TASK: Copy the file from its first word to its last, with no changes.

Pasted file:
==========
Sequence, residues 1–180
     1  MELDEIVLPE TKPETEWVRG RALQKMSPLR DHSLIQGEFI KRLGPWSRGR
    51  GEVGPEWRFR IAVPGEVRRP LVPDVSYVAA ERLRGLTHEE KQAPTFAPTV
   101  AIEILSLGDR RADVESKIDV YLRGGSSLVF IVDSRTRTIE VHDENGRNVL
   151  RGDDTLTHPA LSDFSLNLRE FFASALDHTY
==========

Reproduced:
Sequence, residues 1–180
     1  MELDEIVLPE TKPETEWVRG RALQKMSPLR DHSLIQGEFI KRLGPWSRGR
    51  GEVGPEWRFR IAVPGEVRRP LVPDVSYVAA ERLRGLTHEE KQAPTFAPTV
   101  AIEILSLGDR RADVESKIDV YLRGGSSLVF IVDSRTRTIE VHDENGRNVL
   151  RGDDTLTHPA LSDFSLNLRE FFASALDHTY